A wide range of assessment methods is used: essays, analytical accounts of practice, filmed assessment of practice skills, class presentations, an oral examination on social work practice and assessment of the two practice learning opportunities.

Involvement of people who have used Social Work services and Carers

University of Stirling Social Work Service Users and Carers’ Group; “UNITY”,  was established in 2005 in recognition of the important contribution that people who use services have to make to social work education. UNITY members are involved in many aspects of the Social Work programme including direct teaching and selection processes They have produced a DVD for teaching purposes, have contributed to University wide awareness raising events for World Mental Health Day and made a significant contribution to a successful Inter-University conference on Service User and Carer involvement in professional education which was hosted by the University of Stirling in June 2013. You can read the summary conference report here The group is also a founder member of the Scottish Inter-University Social Work Service Users and Carers’ Network. Further information about Unity can be found on their web page:


The involvement of people who have used services and carers in direct teaching is consistently well received by students. Here is some of their feedback:

“I enjoyed getting the service users’ perspective of service providers and hearing some personal accounts. I also enjoyed the teamwork today and getting a sense of the values and opinions of the group as a whole”.

“Really enjoyed meeting some of the service users and listening to their stories and experiences. Felt really privileged that they shared their experiences with me – some that must have been quite difficult to do so. Admire their resilience!”

“I learned some of the things people want in a social worker and what values they want to see. Definitely made me think more about my practice.”

“A fantastic insight into the views of service users on social workers”

“I learned that service users put a lot of emphasis on practical things such as good time management that perhaps we take for granted and sometimes may not consider the impact it may have”

“Some people have had bad experiences with social workers, but have regained faith when allocated a new social worker. I will make sure that first impressions will count on a positive note.”

Comments from service users regarding their involvement in teaching and wider group activities include:

“I have had positive experiences of working with social workers and I want to give something back so that students can learn from my experiences”

“It brought me out of a very dark period of my life. Through my various activities I developed some skills but most importantly I regained my self-confidence, which allowed me to enrol in a Masters Degree course... I would like to thank everyone for their support and for being so welcoming and friendly. I hope that you can continue to help people as much as you have helped me.”

“It is really good to have people finally listening to my side of the story and it was good to get the chance to speak on the DVD.”

“One of the things I enjoy is coming to Stirling University and speaking to social work students. Hopefully they can get a better understanding of mental illness and it builds up my self-esteem”.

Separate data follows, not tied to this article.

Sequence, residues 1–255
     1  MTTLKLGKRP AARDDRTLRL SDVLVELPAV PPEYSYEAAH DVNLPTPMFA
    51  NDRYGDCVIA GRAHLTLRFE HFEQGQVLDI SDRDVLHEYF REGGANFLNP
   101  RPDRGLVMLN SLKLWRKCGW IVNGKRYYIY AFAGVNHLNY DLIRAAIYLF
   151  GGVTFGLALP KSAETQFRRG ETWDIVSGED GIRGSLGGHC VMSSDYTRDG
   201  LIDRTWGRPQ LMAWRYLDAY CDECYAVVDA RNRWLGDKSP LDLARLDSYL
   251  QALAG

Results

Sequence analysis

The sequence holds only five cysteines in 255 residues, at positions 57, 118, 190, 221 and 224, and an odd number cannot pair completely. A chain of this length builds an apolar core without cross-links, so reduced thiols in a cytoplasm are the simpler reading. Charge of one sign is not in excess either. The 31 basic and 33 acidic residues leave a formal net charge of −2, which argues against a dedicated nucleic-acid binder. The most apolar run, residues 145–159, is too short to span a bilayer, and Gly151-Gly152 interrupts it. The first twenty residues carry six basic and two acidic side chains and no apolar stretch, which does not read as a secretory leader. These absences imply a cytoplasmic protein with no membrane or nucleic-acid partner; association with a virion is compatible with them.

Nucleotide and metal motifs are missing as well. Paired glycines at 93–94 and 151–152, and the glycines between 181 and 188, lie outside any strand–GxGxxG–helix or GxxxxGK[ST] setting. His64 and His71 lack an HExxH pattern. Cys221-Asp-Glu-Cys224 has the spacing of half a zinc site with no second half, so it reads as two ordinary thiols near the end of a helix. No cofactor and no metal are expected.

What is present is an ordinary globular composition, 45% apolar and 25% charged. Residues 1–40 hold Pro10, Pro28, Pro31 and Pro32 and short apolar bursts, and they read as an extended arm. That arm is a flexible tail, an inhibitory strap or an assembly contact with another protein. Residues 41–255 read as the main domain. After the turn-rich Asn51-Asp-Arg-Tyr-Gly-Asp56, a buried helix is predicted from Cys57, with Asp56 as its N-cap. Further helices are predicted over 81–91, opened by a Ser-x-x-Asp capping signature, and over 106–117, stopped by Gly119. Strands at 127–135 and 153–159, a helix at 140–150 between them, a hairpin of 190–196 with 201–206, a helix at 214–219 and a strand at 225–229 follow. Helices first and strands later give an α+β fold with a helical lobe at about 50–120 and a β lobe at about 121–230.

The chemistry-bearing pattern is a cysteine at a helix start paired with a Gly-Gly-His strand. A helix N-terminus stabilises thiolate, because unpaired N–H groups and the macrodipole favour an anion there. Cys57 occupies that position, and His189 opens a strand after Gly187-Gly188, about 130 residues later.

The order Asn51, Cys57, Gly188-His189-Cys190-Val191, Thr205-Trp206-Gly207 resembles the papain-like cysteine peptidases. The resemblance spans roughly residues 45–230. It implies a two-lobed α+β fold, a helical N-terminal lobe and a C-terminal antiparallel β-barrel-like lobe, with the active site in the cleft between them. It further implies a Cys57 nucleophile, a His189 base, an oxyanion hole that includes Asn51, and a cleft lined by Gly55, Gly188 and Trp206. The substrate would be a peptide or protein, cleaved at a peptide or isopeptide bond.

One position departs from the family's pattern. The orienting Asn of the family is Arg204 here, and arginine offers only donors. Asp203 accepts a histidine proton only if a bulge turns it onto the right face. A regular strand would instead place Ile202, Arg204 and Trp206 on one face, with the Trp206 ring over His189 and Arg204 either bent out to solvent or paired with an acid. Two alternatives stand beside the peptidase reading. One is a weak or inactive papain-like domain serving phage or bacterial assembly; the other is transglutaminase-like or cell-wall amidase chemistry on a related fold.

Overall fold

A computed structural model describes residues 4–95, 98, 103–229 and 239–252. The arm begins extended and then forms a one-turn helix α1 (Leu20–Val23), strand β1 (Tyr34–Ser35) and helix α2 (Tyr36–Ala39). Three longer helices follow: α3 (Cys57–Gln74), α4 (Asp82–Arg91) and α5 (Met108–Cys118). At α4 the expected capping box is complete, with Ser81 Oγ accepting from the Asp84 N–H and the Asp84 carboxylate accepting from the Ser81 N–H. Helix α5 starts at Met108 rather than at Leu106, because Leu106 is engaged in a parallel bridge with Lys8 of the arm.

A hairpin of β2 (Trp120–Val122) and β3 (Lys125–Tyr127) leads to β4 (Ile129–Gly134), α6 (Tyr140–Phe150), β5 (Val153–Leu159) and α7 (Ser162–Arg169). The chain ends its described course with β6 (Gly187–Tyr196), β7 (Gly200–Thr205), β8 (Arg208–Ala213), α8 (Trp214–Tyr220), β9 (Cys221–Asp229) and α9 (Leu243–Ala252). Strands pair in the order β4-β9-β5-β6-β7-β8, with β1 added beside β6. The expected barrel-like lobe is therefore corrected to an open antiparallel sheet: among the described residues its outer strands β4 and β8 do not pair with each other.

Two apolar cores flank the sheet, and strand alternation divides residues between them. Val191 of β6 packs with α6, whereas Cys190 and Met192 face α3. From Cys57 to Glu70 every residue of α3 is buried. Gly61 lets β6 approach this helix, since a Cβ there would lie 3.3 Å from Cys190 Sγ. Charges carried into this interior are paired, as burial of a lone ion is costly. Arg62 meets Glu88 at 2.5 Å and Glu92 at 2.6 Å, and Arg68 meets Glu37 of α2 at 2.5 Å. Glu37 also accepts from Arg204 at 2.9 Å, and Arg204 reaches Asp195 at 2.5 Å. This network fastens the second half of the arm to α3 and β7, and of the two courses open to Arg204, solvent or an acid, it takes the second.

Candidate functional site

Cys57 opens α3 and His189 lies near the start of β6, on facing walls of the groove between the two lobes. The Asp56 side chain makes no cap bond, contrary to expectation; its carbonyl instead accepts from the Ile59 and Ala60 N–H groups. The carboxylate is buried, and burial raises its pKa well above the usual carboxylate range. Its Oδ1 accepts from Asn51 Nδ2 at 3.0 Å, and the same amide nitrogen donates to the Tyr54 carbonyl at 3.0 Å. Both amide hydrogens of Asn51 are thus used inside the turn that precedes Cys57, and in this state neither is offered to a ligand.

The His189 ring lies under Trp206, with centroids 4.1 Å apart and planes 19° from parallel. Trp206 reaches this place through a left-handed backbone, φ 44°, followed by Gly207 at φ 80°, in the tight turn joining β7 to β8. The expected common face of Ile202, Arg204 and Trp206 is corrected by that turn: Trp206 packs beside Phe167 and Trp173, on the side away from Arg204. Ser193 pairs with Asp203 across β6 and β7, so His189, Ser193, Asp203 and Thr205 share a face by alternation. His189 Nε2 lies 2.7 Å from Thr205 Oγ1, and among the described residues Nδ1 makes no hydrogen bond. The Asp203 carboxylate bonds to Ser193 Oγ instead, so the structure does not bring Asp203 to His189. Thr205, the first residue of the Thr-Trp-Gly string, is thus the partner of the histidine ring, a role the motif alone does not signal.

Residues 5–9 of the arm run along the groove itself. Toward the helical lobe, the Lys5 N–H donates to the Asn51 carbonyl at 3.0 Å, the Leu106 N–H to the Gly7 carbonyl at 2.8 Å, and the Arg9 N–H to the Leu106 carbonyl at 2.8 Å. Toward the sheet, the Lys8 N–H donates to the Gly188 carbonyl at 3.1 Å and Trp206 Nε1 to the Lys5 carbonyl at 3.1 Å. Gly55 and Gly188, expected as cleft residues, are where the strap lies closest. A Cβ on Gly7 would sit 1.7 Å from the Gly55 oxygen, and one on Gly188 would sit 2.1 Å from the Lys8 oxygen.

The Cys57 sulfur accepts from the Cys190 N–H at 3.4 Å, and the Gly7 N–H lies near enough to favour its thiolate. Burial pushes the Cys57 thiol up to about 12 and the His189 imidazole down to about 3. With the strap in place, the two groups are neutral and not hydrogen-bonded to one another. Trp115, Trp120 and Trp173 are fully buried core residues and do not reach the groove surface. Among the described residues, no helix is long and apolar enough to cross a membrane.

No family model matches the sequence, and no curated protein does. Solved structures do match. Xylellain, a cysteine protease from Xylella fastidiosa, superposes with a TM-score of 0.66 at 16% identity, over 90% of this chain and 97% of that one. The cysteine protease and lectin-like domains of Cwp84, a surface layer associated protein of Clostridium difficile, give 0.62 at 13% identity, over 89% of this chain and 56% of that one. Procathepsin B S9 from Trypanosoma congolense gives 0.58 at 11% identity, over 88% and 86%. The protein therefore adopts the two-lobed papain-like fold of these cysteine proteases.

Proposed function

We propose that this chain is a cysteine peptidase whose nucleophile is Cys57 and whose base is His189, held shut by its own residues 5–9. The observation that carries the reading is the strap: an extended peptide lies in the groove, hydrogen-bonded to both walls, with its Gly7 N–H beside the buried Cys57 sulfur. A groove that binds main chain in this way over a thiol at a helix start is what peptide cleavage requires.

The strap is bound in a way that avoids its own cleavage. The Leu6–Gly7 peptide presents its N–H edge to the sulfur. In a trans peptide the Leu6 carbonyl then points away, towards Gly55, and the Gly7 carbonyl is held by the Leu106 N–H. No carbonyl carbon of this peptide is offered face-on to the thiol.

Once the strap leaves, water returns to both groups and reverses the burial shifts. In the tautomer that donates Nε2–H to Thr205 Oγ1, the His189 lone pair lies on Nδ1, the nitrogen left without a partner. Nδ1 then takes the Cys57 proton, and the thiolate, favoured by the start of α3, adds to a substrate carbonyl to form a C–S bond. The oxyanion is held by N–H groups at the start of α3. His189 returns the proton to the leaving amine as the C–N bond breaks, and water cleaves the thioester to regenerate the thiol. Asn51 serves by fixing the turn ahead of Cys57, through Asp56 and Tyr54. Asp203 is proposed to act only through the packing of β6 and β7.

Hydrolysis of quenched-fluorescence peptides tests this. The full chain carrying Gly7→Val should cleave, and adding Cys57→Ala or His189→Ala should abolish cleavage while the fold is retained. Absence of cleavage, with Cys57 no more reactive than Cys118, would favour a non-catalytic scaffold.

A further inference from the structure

Year 1

  • Introduction to Social Work 1 (SWKU911)
  • Social Differentiation (SPCU911)
  • Social Problems (SPCU912)
  • Active Learning in the Community (PDMU9AW)
  • Plus 2 modules of own choice

Year 2

  • Understanding Social Policy (SPCU913)
  • Introduction to Social Work 2 (SWKU9SW)
  • Social Work Law & Policy (SWKU9PL)
  • Human Development and Family Contexts (SWKU9DE)
  • Theory and Practice of Social Work (SWKU9PT)
  • Evidence and Social Inquiry for Social Work (SWKU9EI)

 Year 3

  • Practice Learning 1 (SWKU9P1)
  • Theory and Practice: Children, Families and Society (SWKU9CF)
  • Theory and Practice: Crime, Welfare and Justice (SWKU9CJ)
  • Theory and Practice: Health, Illness & Disability (SWKU9HD)

Year 4

  • Practice Learning 2 (SWKU9P2)- begins late May and runs over summer
  • Dissertation (SWKU9DD)

Related degrees

Criminology; Sociology and Social Policy.

Recommended reading

Banks, S (2006) Ethics and Values in Social Work, third edition, Basingstoke, Palgrave Macmillan

Crawford. K. and Walker, J. (2010) Social Work and Human Development, third edition, Exeter: Learning Matters

Guthrie, T. (2011) Social Work Law in Scotland, third edition. Haywards Heath: Bloomsbury Professional. 

McLaughlin, H (2012) Understanding Social Work Research, second edition, London: Sage

Trevithick, P. (2012) Social Work Skills: A Practice Handbook, third edition, Maidenhead: Open University Press.

Wilson, K., Ruch, G., Lymbery, M. and Cooper, A. (2011) Social Work: An introduction to contemporary practice, second edition, Harlow: Pearson Education.

Modes of study

Full-time (three modules per semester).

Find out more

Example timetable

The timetable below is a typical example, but your own timetable may be different.

From Semester 4, this course concentrates teaching into three to four full days each week. This allows for more interactive workshops alongside traditional lectures and seminars. The otherone to two days are for private study and there will often be guided reading or tasks to complete on your own or as part of a group.

Why Stirling?


In REF2014 Stirling was placed 6th in Scotland and 45th in the UK with almost three quarters of research activity rated either world-leading or internationally excellent.


1st in the UK for Social Work (The Complete University Guide 2017)

11th in the UK for Social Work (Times Good University Guide 2016)

International Students

The University of Stirling welcomes applications from all countries.

Study abroad opportunities

It is not possible to study abroad during this course.